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Transit app shows you nearby dockless bike-shares to help you plan trips

Transit now works with dockless bike-share companies to show you where to find those bikes.
transit, transit app, bike share, dockless bike share
The Transit app shows you different ways to get to your destination, and now how close a dockless bike-share option is. (Provided by Transit)

If you have to get somewhere quickly, do you opt for a ride-share, a bike-share, the T or just to hoof it?

Calculating how fast each of those options are will take a long time itself and involve opening multiple apps. One app aims to make it an easier process, though — Transit is the smartphone app that aggregates different transportation options, and it’s in 140 cities worldwide.

Transit, which has long been in Boston and is the official app of the MBTA, has always shown users the departure times for the public transportation options near them, as well as how long a trip will take depending on the travel mode. Now, Transit has a new feature: showing nearby dockless bike-share options. 

Dockless bike-share companies, like LimeBike and Ofo, have been gaining momentum around the country. They differ from services like HubWay, which feature bikes stocked at certain stations around the city. Dockless bikes can be parked and locked anywhere, from bike racks to sidewalks, awaiting their next rider.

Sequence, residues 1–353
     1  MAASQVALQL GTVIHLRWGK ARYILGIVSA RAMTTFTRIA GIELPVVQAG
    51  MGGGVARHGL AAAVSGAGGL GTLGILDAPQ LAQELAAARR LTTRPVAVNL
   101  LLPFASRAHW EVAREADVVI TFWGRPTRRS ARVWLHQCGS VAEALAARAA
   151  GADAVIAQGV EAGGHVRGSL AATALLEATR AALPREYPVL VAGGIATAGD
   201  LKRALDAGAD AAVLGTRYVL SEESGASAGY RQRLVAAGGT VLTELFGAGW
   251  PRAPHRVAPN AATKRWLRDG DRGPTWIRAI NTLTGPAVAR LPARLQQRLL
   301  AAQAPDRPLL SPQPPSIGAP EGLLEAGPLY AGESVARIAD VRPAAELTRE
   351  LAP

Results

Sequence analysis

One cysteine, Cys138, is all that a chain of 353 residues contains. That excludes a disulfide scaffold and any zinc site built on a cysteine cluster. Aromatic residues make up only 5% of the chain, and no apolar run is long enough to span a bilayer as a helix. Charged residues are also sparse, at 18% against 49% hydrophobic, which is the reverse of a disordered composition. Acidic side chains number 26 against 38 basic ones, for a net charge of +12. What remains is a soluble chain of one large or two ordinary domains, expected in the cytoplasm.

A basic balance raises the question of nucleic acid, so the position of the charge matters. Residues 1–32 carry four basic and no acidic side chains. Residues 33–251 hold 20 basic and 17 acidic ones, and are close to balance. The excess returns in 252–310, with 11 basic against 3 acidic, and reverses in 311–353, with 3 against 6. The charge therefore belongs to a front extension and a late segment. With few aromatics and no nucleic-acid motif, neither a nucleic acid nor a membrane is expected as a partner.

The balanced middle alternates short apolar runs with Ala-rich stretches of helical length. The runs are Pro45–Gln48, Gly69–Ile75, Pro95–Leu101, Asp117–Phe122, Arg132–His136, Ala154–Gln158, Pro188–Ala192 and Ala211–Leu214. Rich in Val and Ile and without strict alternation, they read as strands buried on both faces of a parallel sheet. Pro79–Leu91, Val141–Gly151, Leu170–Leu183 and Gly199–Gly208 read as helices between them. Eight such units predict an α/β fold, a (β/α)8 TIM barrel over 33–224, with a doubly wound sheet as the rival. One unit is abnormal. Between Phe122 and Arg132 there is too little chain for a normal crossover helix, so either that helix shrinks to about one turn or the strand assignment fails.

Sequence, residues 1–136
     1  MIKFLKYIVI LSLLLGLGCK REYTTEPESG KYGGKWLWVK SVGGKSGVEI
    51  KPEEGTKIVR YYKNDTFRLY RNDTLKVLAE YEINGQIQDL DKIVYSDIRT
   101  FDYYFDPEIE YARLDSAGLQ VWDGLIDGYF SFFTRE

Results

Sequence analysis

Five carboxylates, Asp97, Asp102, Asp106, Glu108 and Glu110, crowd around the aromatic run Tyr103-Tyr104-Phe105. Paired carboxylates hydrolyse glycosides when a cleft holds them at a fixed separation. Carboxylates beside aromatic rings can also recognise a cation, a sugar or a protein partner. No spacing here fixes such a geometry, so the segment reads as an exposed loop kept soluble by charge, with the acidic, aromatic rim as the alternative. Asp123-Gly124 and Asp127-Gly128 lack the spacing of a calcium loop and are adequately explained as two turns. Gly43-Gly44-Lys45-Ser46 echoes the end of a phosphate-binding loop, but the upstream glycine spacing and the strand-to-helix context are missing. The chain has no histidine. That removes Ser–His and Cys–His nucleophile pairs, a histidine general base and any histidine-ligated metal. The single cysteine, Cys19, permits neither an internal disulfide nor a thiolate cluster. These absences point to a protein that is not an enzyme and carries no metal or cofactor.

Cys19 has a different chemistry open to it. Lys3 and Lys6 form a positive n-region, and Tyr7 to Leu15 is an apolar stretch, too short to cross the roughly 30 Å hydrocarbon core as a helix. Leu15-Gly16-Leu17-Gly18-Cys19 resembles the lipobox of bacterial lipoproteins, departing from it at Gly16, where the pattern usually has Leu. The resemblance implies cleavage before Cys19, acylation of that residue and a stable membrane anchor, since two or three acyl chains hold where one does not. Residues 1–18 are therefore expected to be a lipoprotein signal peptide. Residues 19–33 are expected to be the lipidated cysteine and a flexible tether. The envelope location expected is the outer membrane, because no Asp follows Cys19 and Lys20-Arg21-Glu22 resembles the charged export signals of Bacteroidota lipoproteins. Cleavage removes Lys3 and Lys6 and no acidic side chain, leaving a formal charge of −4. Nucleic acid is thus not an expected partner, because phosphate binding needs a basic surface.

While you can see where the dockless bikes are by opening one of those company’s apps, the fact that you can also get that information in the Transit app makes it even easier to plan your route, said Jake Sion, chief operating officer of Transit. Transit has launched the service in Seattle and Washington, D.C., as well.

“With our original launches in D.C. and Seattle, the really big advantage there is that there are four or five dockless companies operating side by side. We wanted to say, if you’re going to take a dockless bike, instead of opening five apps to see which one is closest, we can put it all in one place,” Sion said.

“In the Boston area, there are fewer [dockless] services operating for now, but we imagine more will come,” he added. “Still, it’s that same decision factor: If a bike is near me, I’ll take it. If not, I’ll walk or hop on a bus. It’s about giving people the tools they need quickly, all in one place.”

In greater Boston, Transit shows the location of dockless bikes only from Ofo, a Beijing-based bike-share company.

LimeBike, which recently launched in the area, is supported by Transit in Washington, D.C., and Seattle, but not yet in greater Boston. Sion said that technical limitations with LimeBike mean their data can’t be included on the Transit map at the moment, but they hope to add it soon.

Transit doesn’t allow for booking a dockless bike through its app just yet (it does allow the service with docked bikes in some cities) but that’s another plan for the future. It does, however,  provide information on how to use this new transit service, in case you’re unfamiliar with how dockless bikes work.

“If you see a bike on the street, how do you know what it’s for or if you can use it? We’ve added information on how to unlock [the dockless bikes], and those pages have been viewed tens of thousands of times,” Sion said. “It’s really about educating people about a new mobility option in their cities.”

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